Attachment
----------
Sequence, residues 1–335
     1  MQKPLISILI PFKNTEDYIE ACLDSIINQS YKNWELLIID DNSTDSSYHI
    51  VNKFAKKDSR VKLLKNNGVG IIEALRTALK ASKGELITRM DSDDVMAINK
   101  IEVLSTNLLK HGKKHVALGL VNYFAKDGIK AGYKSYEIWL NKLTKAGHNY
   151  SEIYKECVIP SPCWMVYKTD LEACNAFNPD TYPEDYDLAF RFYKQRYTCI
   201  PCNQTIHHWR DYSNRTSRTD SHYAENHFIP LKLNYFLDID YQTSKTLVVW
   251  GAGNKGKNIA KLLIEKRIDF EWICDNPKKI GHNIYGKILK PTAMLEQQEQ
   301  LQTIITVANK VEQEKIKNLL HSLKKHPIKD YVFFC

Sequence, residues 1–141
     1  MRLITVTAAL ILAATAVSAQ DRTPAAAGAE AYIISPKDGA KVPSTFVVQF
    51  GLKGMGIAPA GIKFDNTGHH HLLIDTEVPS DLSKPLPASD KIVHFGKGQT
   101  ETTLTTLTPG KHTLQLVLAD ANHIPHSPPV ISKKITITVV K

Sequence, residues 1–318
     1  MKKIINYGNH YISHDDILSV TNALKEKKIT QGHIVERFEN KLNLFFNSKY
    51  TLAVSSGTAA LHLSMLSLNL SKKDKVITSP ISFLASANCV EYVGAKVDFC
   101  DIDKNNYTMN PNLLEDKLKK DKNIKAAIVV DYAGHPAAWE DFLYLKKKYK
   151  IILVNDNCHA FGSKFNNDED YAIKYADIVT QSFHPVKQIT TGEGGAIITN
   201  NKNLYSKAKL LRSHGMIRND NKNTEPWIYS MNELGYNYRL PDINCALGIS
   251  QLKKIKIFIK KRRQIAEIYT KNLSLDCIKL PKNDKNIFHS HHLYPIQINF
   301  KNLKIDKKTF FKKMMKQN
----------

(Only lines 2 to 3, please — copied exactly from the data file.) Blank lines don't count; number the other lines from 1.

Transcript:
     1  MQKPLISILI PFKNTEDYIE ACLDSIINQS YKNWELLIID DNSTDSSYHI
    51  VNKFAKKDSR VKLLKNNGVG IIEALRTALK ASKGELITRM DSDDVMAINK